I guess it’s a natural tendency to bring home a piece of something that will remind us of the marvellous time we spent from our holiday other than the tons of photos we took. Beautiful memories too, but that goes without saying.
Here are some of the souvenirs I had collected over the years during my travels. Hope it gives you some ideas as well.
Fridge Magnets – I never leave a new country (or city) without getting at least one of these. It’s small, easy to carry and cheap. Most of all, it’s a great reminder of all the places you’ve been and seen every time you go to open your refrigerator.
Fallen Leaves/Dried Flowers – It’s organic and it’s free! I started collecting fallen leaves the first time I went to a Western country alone – in Canada. When I saw a fallen maple leaf, I got so emotional and was overjoyed that I finally got to see a real maple tree. Unfortunately, the bunch of dried leaves I’d collected got lost so I asked my friend Candy (whom I visited) to send me some. She sent me a few along with a thoughtful card.
Please collect leaves/flowers responsibly.
Maps / Tickets –From railway tickets, restaurant cards, guide maps, receipts – anything printed material, I’d keep it for my travel memory book. Whenever I miss a particular place, I just open a map of the place I’ve been and I feel better already. Maps and guides can also be useful to friends and family who are going to the same place.
Foreign Money – Sean has a habit of keeping spare change and bills and placing them in auspicious places around the house. It is believed to bring good financial fortune.
Masks / Native Crafts – Collecting handmade products not only makes a beautiful decoration in your home. By buying local crafts, you also support the people making them and thus promote tourism. Sean has a penchant for masks. He started collecting them even when he was still single.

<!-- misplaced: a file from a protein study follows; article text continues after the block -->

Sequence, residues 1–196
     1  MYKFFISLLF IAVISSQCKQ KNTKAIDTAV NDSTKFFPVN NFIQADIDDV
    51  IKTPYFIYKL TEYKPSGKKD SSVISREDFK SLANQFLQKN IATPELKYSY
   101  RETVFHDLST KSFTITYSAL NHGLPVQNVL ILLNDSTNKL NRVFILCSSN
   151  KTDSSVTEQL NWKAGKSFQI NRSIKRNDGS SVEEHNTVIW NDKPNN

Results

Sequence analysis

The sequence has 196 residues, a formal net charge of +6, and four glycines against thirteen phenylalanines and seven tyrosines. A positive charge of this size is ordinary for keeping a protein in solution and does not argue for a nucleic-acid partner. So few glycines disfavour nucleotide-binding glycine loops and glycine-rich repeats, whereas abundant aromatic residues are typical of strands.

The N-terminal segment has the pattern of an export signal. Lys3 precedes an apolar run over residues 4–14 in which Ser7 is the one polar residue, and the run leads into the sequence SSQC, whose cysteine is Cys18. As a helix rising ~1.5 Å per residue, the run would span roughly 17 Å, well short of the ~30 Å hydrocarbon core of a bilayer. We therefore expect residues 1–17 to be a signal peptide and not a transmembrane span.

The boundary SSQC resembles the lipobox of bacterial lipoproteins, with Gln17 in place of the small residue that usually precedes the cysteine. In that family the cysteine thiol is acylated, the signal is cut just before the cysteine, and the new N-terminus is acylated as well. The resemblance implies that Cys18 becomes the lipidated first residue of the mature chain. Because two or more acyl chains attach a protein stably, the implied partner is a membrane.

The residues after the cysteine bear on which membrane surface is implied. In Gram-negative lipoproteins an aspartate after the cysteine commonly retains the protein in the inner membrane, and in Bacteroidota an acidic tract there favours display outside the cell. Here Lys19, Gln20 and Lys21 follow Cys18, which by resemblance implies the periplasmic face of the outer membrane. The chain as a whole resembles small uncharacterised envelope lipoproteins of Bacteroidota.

Snow Globe – This is a bit tricky considering it’s breakable, heavy, and sometimes expensive albeit they make a really pretty travel souvenir. My tip would be to buy it from markets or bazaars to get a good price. Get a small one so you can hand carry it when you’re traveling on plane. Another option would be to buy it from the airport/terminal itself if you want a bigger one, although some airports don’t always sell them.
Keychain – This is perhaps the easiest and most popular souvenir. When I saw the Eiffel Tower for the first time, I really wanted to take it home with me, but for obvious reasons, I can’t. Instead, I bought a keychain. That way the miniature tower goes with me everyday when I go to work – until I had a new favourite city to daydream about.
Books – I’m sure most of you don’t go to travel without taking a book or magazine perhaps to read just in case your flight is delayed, or when you’re on for a long journey on the train, or just in case you get bored. I’d suggest you buy your reading material at your destination and write something about your trip in the first page.
Also, if you’re strolling around town, walking into an old bookshop or independent bookseller is a great way to find old, special edition, and foreign language books.
Chocolates / Sweets – I love chocolates! Although sometimes I buy a few and bring them home not only for the exclusive reason that I have a sweet tooth, but also because of the attractive packaging. A chocolate shop’s mission is to make you buy their product so they really make an effort to create attractive boxes and packaging that would make you not leave their shop without a bag or two of their specialty. I made it a tradition to bring my family/friends some sweets from my travel so they too can have a real “taste” of the places I’ve been.
Shampoo – I’m not sure if I’m the only one but I have this really unusual desire to buy shampoos and soaps abroad. Most of the time, I take home the ones that are given by the hotel rooms. It makes me bizarrely happy when I see them all lined up in our own bathtub at home.